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Private Schools for Expats in Portugal

Submitted: July 2014

The main problems for expats with the publically funded state schools in Portugal are that all of the teaching is done in Portuguese, and the standard of education and resources offered may not be considered high enough. As a result many expats’ children will attend private schools.

There are generally two kinds of private schools in Portugal: Portuguese private schools and International schools. Portuguese private schools teach the Portuguese curriculum, aiming to educate the children to the level required for entry into university. International schools tend to educate to standards such as GCSE (UK), PSAT (USA) and the International Baccalaureate. This article is only concerned with Portuguese private schools.

Day nurseries are available for children under the age of 2, and are generally private. From the age of three, children may attend a Jardim de Infância, which is a traditional kindergarten. Some are provided by the state and others are private and charge fees. Primary education (Ensino Básico) lasts between the ages of 6 and 14/15, and is compulsory. It is divided into three stages:

National exams take place at the end of each year to decide whether your child goes up into the next year, or repeats the existing one. At the end of Ensino Básicochildren receive a certificate of basic education (diploma do ensino básico).

After the end of Ensino Básico, Ensino Secundário or upper secondary schooling is also compulsory (since 2013) and takes place between the ages of 15 and 18. Here the curriculum splits into two programmes . Both include common subjects including Portuguese, philosophy, a foreign language, RE and PE. The general academic curriculum has four streams, each of which has one core subject; for two streams this is maths, one stream has history and the final stream has drawing. Beyond this there are choices from the sciences, history, geography, languages, economics sociology and psychology.  The technological curriculum offers specific courses, which can be anything form civil construction to sport.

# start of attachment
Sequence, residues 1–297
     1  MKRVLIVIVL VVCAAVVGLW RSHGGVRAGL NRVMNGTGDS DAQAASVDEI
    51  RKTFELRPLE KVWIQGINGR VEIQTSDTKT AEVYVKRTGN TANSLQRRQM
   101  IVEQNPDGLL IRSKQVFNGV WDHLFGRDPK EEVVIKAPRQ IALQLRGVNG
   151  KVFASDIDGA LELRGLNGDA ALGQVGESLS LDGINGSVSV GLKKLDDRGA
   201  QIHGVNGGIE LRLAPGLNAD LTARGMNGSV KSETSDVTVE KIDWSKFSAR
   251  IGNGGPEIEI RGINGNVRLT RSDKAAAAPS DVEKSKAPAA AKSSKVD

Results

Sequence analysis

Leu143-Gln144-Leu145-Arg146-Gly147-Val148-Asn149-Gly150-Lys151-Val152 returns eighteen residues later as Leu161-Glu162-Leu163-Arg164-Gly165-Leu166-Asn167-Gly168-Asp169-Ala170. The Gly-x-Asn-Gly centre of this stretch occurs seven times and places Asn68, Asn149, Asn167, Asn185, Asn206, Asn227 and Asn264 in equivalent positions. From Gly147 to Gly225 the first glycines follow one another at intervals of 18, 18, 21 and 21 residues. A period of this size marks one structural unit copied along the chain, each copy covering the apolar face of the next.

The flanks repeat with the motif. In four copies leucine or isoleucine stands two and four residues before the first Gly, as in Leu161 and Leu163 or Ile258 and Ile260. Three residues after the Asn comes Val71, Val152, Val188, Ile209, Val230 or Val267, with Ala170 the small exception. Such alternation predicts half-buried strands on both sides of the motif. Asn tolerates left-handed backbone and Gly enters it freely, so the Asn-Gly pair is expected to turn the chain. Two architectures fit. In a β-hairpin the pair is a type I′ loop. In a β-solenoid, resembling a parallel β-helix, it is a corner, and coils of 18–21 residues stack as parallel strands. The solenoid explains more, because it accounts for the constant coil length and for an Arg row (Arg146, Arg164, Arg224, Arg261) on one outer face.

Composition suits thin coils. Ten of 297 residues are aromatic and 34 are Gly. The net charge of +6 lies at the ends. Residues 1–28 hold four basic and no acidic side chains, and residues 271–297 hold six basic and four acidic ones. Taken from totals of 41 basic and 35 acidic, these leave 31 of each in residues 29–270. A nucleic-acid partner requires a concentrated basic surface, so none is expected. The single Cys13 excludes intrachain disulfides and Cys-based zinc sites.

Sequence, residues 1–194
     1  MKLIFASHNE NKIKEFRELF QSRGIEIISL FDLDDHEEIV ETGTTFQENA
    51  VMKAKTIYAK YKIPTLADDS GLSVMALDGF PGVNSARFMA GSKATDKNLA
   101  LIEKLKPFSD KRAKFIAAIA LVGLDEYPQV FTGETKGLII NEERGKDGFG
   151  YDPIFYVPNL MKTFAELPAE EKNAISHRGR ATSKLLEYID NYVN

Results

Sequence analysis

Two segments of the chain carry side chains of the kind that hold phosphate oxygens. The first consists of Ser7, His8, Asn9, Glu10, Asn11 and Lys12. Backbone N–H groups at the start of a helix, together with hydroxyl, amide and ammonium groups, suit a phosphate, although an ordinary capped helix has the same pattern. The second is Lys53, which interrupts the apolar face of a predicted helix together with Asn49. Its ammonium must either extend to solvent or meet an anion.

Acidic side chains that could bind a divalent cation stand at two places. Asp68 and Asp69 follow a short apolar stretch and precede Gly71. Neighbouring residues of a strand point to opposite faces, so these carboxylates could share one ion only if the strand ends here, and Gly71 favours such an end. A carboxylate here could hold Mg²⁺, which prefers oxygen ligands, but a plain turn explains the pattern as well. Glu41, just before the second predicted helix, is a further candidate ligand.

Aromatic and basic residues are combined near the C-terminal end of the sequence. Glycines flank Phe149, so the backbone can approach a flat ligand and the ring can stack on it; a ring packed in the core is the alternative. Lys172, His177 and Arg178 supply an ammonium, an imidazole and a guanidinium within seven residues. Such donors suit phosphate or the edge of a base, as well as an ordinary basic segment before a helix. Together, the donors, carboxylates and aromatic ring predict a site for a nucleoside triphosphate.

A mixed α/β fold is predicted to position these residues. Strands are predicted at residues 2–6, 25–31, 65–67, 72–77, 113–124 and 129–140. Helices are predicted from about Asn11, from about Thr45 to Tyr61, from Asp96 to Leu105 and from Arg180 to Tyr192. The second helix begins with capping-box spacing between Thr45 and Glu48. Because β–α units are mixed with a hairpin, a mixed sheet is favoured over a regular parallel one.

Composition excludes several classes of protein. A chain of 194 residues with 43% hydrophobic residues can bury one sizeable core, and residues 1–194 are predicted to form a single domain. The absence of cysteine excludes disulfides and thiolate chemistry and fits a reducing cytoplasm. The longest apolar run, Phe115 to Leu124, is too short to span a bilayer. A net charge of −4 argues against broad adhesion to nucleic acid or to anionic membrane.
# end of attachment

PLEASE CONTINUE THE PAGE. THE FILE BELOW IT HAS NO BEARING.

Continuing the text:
Exams in two subjects are taken at the end of the11th year, and at the end of the twelfth year, students take exams in Portuguese and the main subject of their course. The results of these decide whether the student can gain admission to further education at either a university or polytechnic. The average results of the first two exams and the average results of the final two exams are in turn averaged to produce a final grade between 0 and 20. It is this final number which provides the basis on which universities and polytechnics choose their undergraduates.

Many private schools are situated in either Lisbon or Porto, the number of available schools is quite large. Here is a list of private schools in the various regional directorates in Portugal. Choosing a suitable school can involve a delicate balance between various factors. If the school is in a city, the two most important factors are likely to be the school’s location, and the ranking of the school in the results tables.

Generally children attend a school which is near to their home. It is possible to arrange for enrolment at a school near your work if this is more convenient. In order to register a child for school, you should go the school. The following minimum information  is generally required for registration:

You can also provide a certificate showing your child’s previous attainment level in your home country. This can be obtained from either the Portuguese Embassy at home, or from the British Consulate in Portugal.

Unlike state schools, private schools are free to set their own term dates, so you will have to check these with the schools themselves. The first term  of the school year generally begins in mid-September, and the school year ends at the end of June. There are holidays for Christmas and Easter, and also a short one for the Carnival (which is decided by the phases of the moon, so sometimes it will fall in late February or even early March).

 

 




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